Public Comment

Commentary: Crossing at Corners Might Be Dangerous

By Marc Sapir
Tuesday January 29, 2008

To treat the spate of pedestrian traffic deaths and accidents as a uniquely Berkeley problem is blind provincialism at its worst as the problem is widespread throughout the country. There have been system change efforts to make Berkeley streets safer including lowering of speed limits, protruding peninsulas to shorten the crossing time and distance, trials of flags and flashing ground lights, the change to one lane of traffic each way on Marin, the bicycle boulevards and so forth. Many people have expressed their opinions as to whether these and other changes contribute to or alleviate the risk to pedestrians. Like one letter writer I have no doubt that talking on cell phones while driving contributes to many accidents and there is ample data from the transportation safety people to back that up. Cell phone driving has to be stopped by state laws that are highly promoted and enforced. But, beyond that hazard (and drunk driving) do we understand the major causes of such accidents? 

For as long as I can remember we have trained our children to be safe by crossing the street in the crosswalk at an intersection. I believe that this paradigm is probably wrong and contributes to accidents. One Planet commentator mentioned the support posts in all cars that can obscure forward lateral view as one begins a corner turn. I can remember, not once but several times, being scared out of my wits because I began a turn seeing no pedestrian and found myself almost into the crosswalk when I became aware of a pedestrian in the crosswalk. No matter how you sit there will always be a brief blind spot to the side. And if you happen to be glancing toward the side at the moment a pedestrian is behind that post you may risk injuring them.  

Besides the post problem there is a more obvious one that explains why drivers can not and do not spend enough time looking thoroughly for pedestrians when turning. Upon commencing a turn, whether left or right, a driver has to be concerned with oncoming traffic and assuring it creates no problem for a turn, and also lateral traffic for the same reason. This is a necessary precaution even when one has a green light. In this process, looking ahead into the turn is a competing priority for the driver’s attention, even if the driver is stopped for the turn. In rainy weather, moreover, the lateral field of vision of the driver is further restricted by the field of the windshield wipers.  

The fact that reckless and drunk drivers hit pedestrians at a higher rate tends to obscure the risks that pedestrians face from the problems of normal driving patterns. It seems likely that increasing the number of cross walks placed mid-block rather than at intersections can reduce pedestrian risk. This ought to be considered citywide here or in another urban environment so that the change can be promoted publicly to local drivers and the results evaluated.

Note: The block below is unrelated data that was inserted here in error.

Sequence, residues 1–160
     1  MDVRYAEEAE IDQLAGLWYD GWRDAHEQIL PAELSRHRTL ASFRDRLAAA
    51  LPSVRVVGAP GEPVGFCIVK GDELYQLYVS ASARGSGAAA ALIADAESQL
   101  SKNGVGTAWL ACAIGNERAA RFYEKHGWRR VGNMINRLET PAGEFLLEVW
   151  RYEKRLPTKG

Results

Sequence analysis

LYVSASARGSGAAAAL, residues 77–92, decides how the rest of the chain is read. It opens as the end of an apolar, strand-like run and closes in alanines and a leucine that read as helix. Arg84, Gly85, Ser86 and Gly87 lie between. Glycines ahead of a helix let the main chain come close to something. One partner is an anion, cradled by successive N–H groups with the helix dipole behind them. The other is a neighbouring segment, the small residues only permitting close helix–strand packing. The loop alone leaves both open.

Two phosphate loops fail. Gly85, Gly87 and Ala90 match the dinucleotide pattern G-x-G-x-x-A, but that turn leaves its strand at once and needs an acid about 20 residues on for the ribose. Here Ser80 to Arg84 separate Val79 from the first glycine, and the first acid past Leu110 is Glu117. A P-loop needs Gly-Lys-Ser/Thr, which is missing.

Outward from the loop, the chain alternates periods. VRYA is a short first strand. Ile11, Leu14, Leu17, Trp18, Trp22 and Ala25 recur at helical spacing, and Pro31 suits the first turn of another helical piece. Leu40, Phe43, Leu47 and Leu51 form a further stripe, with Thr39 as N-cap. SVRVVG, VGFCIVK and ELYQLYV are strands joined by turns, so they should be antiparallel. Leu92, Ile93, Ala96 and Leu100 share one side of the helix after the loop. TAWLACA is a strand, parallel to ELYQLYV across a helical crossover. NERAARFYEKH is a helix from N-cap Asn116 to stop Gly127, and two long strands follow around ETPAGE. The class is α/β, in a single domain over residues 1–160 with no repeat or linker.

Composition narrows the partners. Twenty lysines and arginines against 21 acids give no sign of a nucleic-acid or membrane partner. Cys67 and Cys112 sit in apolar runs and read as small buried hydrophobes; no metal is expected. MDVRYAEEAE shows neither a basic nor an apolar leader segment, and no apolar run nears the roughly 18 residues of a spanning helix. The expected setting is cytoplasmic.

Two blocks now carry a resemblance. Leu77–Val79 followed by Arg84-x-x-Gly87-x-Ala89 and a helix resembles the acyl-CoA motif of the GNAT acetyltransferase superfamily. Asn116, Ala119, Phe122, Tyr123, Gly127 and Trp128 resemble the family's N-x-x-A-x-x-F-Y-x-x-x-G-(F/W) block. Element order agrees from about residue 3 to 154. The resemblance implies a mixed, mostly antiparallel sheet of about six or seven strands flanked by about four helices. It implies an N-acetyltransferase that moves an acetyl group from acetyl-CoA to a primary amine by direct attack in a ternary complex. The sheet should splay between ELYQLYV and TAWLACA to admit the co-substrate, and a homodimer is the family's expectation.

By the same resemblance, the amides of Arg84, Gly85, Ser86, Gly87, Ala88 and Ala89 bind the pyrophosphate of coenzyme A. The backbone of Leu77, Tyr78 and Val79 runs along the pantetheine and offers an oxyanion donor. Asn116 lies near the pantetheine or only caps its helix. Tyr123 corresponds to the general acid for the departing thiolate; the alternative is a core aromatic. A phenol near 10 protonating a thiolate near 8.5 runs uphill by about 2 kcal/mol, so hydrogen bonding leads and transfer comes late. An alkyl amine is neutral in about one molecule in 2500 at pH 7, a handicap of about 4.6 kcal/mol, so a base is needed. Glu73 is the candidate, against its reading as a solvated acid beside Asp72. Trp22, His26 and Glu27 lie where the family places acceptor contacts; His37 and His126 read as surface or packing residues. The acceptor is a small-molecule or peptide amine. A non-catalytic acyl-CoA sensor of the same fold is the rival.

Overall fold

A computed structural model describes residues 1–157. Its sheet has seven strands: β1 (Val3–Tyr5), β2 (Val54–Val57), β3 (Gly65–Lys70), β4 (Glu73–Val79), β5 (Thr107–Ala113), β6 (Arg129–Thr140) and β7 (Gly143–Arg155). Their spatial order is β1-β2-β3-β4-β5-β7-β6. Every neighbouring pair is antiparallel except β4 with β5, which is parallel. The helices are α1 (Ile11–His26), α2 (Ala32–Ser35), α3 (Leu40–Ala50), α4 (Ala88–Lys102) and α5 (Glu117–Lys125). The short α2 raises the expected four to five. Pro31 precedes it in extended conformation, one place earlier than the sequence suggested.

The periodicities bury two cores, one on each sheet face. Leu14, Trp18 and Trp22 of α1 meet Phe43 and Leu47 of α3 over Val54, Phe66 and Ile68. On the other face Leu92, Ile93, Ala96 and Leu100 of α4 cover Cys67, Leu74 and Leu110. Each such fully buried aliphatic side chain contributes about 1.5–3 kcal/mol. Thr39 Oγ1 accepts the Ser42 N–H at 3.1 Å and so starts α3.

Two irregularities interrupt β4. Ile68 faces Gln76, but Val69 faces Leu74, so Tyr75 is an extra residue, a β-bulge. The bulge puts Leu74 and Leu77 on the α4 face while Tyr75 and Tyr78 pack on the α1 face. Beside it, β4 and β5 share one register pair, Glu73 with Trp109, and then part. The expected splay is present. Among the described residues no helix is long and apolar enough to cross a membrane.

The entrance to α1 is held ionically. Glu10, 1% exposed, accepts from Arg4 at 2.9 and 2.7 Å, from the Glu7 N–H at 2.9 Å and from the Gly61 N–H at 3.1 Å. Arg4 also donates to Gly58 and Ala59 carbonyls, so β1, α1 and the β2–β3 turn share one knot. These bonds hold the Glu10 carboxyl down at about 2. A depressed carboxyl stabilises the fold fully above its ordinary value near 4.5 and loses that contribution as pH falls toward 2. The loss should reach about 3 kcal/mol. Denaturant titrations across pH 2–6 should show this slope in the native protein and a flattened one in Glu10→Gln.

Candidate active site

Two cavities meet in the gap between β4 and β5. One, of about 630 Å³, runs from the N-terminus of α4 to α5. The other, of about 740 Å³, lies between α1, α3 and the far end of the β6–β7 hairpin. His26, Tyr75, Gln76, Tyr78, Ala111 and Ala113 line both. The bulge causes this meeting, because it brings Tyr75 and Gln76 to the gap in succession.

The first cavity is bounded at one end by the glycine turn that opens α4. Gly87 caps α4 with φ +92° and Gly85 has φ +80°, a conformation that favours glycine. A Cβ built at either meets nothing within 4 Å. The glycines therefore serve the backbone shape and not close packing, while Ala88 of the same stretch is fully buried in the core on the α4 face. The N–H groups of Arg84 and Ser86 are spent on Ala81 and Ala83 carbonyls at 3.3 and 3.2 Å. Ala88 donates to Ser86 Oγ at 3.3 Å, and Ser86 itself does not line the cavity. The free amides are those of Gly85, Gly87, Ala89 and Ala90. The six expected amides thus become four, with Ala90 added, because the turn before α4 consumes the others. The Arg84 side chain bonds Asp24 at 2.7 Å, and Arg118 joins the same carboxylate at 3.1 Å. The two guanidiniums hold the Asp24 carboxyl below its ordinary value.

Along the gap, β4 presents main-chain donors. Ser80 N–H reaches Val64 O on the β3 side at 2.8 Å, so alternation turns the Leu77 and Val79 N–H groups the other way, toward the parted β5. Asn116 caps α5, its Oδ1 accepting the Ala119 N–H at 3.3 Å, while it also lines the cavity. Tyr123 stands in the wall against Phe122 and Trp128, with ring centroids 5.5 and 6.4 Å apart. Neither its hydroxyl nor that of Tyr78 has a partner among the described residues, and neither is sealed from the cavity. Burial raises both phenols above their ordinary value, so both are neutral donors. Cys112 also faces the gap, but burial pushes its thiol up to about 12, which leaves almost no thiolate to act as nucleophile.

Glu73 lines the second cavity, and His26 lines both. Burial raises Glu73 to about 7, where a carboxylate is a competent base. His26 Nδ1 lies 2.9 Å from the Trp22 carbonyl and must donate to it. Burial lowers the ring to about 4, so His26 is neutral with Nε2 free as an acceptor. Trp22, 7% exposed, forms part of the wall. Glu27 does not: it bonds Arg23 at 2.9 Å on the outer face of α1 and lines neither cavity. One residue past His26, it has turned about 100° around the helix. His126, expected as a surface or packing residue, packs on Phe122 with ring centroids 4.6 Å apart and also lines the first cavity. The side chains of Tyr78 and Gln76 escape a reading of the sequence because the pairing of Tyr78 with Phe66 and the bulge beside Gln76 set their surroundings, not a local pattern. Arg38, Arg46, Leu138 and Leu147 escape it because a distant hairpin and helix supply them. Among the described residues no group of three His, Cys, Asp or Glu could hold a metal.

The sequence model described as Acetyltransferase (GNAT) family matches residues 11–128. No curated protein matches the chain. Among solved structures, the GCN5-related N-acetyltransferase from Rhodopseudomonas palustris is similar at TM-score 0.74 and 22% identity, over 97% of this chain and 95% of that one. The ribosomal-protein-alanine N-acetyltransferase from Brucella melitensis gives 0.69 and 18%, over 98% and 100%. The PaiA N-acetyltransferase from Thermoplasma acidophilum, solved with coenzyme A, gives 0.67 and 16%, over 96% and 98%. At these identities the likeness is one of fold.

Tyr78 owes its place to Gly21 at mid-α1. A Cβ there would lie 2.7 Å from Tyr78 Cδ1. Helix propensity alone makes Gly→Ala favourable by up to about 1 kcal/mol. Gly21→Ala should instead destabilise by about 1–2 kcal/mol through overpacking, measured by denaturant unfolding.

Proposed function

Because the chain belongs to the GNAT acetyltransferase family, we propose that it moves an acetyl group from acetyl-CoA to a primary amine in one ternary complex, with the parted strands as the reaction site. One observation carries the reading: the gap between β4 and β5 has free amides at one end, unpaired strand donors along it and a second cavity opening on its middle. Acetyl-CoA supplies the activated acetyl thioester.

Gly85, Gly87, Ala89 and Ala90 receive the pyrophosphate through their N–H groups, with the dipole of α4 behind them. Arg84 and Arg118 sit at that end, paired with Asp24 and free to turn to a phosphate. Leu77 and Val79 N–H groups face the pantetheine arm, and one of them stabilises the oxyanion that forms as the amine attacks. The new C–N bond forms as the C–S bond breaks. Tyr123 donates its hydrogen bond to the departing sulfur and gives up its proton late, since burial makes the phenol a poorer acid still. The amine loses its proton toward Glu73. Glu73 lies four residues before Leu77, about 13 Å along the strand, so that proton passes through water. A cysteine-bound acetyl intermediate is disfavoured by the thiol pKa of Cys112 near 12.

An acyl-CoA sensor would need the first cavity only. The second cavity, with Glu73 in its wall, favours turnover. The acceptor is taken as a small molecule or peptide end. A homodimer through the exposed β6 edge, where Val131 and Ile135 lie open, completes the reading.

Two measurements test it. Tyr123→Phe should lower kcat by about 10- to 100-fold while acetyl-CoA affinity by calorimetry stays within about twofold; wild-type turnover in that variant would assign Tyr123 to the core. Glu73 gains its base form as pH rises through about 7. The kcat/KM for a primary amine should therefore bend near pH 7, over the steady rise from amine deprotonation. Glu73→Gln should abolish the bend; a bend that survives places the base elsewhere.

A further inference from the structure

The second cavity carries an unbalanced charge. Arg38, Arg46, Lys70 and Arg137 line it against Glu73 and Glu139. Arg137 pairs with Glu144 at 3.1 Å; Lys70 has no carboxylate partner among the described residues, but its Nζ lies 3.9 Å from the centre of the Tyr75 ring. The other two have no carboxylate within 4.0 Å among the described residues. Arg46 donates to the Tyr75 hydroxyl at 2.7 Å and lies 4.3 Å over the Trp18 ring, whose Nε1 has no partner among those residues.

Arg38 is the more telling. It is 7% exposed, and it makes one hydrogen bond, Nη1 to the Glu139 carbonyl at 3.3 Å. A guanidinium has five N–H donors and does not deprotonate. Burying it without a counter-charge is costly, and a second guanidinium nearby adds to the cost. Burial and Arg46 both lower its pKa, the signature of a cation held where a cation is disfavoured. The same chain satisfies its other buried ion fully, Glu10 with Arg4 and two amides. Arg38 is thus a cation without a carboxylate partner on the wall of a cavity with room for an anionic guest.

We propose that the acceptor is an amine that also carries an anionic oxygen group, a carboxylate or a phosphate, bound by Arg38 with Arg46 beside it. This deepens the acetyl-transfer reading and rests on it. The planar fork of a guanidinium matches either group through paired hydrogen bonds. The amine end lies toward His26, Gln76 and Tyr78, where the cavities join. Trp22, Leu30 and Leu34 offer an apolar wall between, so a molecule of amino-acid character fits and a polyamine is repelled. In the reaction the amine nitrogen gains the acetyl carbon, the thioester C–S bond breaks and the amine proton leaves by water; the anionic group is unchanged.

In Berkeley we have several safe and successful midblock crosswalks, such as in front of the old University Theater on University Avenue and in front of the French Hotel and the Shattuck post office on North Shattuck Avenue. Drivers tend to be very aware of these locations and to behave appropriately. But, if enhancements were necessary, mid-block crosswalks can be easily supplemented with push buttons for pedestrians that activate a large blinking orange warning light 100 feet before the crosswalks. In that setting a driver looking forward faces no competing risks for attention.  

A portion of the deaths at intersections may result from competing factors for driver attention. We can not afford to place pedestrians as a secondary consideration for drivers. Commentaries about inappropriate behaviors of citizens—whether pedestrians or drivers—tend to obscure the reality that crosswalks at traffic intersections do not seem to protect pedestrians as they are intended to do. There should be no other perceptual competitors for a driver’s attention than the pedestrian as each driver approaches a crosswalk. And the lateral blind spot needs to be eliminated as well. For both these reasons, frontal approaches to many or most crosswalks is a rational public safety measure.  


Berkeley resident Marc Sapir is the former director of Retro Poll.